C.S. Lewis spoke on the topic of education in an essay entitled “An English Syllabus.” In this essay, Lewis compares receiving an education to training for a vocation and comments on the differences between the two. The main goal of an education, Lewis says, is to create a good man–to teach a person not only how to work but also how to spend leisure time–how to enjoy reading literature or make informed voting decisions. Lewis continues by saying:

Vocational training, on the other hand, prepares the pupil not for leisure, but for work; it aims at making not a good man but a good banker, a good electrician, a good scavenger, or a good surgeon. You see at once that education is essentially for freemen and vocational training for slaves. That is how they were distributed in the old unequal societies; the poor man’s son was apprenticed to a trade, the rich man’s son went to Eton and Oxford and then made the grand tour. When societies became, in effort if not in achievement, egalitarian, we are presented with a difficulty. To give everyone education and to give no one vocational training is impossible, for electricians and surgeons we must have and they must be trained. Our ideal must be to find time for both education and training: our danger is that equality may mean training for all and education for none-that everyone will learn commercial French instead of Latin, book-keeping instead of geometry, and ‘knowledge of the world we live in’ instead of great literature.

The entire essay is not long and is worth reading in full here. What I find interesting is that Lewis’s attitude is at odds with the outlooks of many today–vocational training is all most students want anymore. This attitude is prevalent among engineering types especially, but I have encountered these ideas even in casual conversation with barbers, old friends, and hard working acquaintances. Can’t we just skip the social sciences and dive straight into our core classes? Maybe this is because social sciences aren’t taught well anymore. Maybe students don’t care. Maybe both. Regardless of the cause, our modern idea of education has become greatly diminished.

Arbitrary and Inconsistent: Jedi Philosophy

In my previous article, I talked about how it was possible to defend Star Wars’ Galactic Empire and about all the benefits they brought the galaxy. I won’t be quite so foolish as to try and convince you that the Sith as a whole are sunshine and sparkles. However, I will endeavor to demonstrate how they are more philosophically consistent in their approach to life, the universe, and everything than the Jedi.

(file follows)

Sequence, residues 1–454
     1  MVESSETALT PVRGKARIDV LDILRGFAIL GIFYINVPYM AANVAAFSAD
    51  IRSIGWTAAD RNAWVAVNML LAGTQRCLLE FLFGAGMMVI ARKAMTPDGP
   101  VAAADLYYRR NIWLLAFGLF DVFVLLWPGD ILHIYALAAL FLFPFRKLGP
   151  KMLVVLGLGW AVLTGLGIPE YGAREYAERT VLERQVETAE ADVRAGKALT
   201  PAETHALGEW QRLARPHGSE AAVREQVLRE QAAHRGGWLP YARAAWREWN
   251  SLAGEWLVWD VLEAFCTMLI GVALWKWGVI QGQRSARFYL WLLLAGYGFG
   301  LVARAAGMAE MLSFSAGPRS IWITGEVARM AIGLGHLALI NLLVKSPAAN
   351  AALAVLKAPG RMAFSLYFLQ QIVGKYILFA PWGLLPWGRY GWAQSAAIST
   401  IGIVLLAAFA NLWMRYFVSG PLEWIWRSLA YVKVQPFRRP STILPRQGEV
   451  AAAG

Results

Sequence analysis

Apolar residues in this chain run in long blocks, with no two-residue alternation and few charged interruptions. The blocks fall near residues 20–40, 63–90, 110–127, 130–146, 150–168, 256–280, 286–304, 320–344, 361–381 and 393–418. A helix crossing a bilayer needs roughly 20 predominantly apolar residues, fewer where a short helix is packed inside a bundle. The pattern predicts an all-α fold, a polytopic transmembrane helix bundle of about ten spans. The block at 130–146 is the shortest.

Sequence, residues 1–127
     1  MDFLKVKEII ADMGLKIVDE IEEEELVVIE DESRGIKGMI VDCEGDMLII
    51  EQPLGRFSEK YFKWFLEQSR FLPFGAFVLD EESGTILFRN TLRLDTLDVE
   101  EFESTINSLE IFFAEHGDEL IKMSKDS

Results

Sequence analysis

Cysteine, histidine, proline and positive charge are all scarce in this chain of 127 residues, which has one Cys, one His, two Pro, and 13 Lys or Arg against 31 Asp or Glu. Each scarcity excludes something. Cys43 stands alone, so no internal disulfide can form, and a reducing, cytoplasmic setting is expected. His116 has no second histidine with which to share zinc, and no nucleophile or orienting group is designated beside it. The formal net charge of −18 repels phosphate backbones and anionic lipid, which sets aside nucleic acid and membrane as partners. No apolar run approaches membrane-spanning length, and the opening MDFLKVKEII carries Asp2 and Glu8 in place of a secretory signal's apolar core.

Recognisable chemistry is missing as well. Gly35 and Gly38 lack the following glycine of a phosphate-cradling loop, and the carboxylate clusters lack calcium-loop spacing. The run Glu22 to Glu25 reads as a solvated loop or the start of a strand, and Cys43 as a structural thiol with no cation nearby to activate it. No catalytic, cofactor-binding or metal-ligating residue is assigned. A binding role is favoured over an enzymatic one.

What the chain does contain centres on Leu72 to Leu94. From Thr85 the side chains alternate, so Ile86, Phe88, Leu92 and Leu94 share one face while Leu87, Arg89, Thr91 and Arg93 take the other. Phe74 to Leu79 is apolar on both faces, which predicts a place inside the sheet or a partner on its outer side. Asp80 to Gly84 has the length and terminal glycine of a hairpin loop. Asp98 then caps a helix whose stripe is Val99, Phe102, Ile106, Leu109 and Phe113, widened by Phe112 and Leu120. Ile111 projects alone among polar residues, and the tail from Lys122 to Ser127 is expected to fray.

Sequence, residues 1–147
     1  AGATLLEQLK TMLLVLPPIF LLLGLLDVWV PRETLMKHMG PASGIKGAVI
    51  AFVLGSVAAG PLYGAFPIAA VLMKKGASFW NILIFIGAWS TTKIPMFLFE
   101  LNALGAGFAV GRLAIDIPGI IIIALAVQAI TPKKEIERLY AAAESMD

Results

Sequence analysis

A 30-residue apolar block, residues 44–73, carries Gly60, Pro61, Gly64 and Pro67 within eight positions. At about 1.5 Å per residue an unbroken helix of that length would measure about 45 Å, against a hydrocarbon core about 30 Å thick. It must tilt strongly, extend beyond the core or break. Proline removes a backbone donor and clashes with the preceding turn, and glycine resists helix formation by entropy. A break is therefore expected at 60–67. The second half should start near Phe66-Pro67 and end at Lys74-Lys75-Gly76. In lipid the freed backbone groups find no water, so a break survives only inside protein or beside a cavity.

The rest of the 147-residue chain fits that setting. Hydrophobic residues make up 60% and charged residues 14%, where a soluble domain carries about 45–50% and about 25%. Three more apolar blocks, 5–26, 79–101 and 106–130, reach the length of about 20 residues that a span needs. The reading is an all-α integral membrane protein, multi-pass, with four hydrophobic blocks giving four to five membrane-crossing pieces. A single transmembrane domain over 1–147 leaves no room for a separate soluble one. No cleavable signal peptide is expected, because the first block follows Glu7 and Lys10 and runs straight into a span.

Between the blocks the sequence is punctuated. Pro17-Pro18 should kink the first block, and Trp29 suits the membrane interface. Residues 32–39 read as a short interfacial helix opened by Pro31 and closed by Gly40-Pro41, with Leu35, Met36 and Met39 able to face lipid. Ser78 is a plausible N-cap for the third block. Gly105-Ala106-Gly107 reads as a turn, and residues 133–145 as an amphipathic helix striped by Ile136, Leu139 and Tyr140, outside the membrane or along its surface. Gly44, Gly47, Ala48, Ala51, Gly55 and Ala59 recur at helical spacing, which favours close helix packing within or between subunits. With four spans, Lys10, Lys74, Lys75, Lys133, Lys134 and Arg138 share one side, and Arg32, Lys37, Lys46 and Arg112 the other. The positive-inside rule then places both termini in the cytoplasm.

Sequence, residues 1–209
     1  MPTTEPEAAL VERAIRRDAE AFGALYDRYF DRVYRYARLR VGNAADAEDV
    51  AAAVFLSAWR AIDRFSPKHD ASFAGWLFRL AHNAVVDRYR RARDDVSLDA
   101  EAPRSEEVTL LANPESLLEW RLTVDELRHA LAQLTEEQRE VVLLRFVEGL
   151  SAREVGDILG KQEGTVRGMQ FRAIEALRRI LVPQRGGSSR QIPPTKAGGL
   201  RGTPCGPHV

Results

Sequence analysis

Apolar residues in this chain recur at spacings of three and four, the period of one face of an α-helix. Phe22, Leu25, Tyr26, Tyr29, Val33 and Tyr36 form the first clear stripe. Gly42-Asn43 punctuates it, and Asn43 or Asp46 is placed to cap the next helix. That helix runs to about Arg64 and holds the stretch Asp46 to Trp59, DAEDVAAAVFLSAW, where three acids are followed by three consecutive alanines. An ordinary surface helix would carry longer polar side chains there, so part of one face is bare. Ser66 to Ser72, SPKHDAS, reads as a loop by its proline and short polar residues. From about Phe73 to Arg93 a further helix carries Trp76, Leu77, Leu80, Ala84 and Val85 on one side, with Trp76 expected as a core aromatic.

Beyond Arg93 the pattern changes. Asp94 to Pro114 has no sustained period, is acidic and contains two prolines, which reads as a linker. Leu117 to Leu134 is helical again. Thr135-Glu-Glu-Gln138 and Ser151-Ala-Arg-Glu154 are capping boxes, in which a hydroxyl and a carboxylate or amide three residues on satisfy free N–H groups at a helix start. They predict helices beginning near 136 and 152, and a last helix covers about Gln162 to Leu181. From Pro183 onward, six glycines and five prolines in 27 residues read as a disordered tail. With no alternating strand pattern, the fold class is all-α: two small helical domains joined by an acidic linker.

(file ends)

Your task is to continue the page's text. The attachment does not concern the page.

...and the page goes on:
For your viewing pleasure, here are the twin codes of the major Force using religions. Let’s dissect these briefly.


1) The Jedi deny the existence of emotion. This is an impossible goal. All six of the current movies, we see Jedi displaying full ranges of emotion – happiness, sadness, irritation, worry – the full gamut. They talk about denying emotions, but in practice they do not deny themselves emotions with the possible exception of anger. (Even Obi-Wan was guilty of that one, however.) They speak of peace as though it is the utter lack of emotion. Again, this is demonstrably impossible within their order.

2) The ideal for knowledge is indeed a laudable one. However, they are implying that it is possible to get to an all-knowing state. Obviously not the case, considering they couldn’t see the Clone Wars coming. There will always be ignorance, and to believe otherwise is to court foolishness.

3) I take the idea of “serenity” to be at a state of “oneness,” as is the case with many Eastern religions. Other evidence shows that the Jedi are interested in being conduits open to the will of the Force. However, they seem to freak out if they are reminded that the Dark Side is also a part of the Force. How serene can you possibly be if an aspect of the very thing you tap in to and worship may have a will contrary to yours? If they were truly so serene, wouldn’t they accept that the will of the Force may be for the Sith to become dominant? To accept that maybe there was just the Force, and that it could be capricious or simply respond to user motivation?

4) No chaos. No chaos? Really? What galaxy are these people actually living in? They are surrounded by chaos. Admittedly, the Jedi are trying to beat it back. But based on the movies, most of them seem only interested in being in harmony with themselves. Many of them don’t seem to be too concerned with being in harmony with their fellow Jedi. Especially in Episode 1 – Qui Gonn and Yoda seem to be vying for Obi-Wan’s mind. They even enforce their harmony on non-Force users with the Jedi mind trick. All in all this harmony seems to be very…masturbatory and self serving.

5) “There is no death, there is the Force.” Well, maybe for some. It seems if you’re very lucky (or cursed, depending on your perspective) you might get to hang around as some sort of Force ghost after you die. There are three instances of these on film. However, LOTS of Jedi died in the prequel trilogy, and never showed back up. And what about those who have no connection to the Force? Are you going to tell them that there’s no death too?

Okay. Let’s say for the sake of argument that Jedi abandoned that code after the Old Republic era. (These two codes are from the video game Knights of the Old Republic, after all.) What about the Jedi Code in Luke Skywalker’s day? Here’s the code put forth by Luke once he started training Jedi in the novels:

Jedi are the guardians of peace in the galaxy.
Jedi use their powers to defend and to protect.
Jedi respect all life, in any form.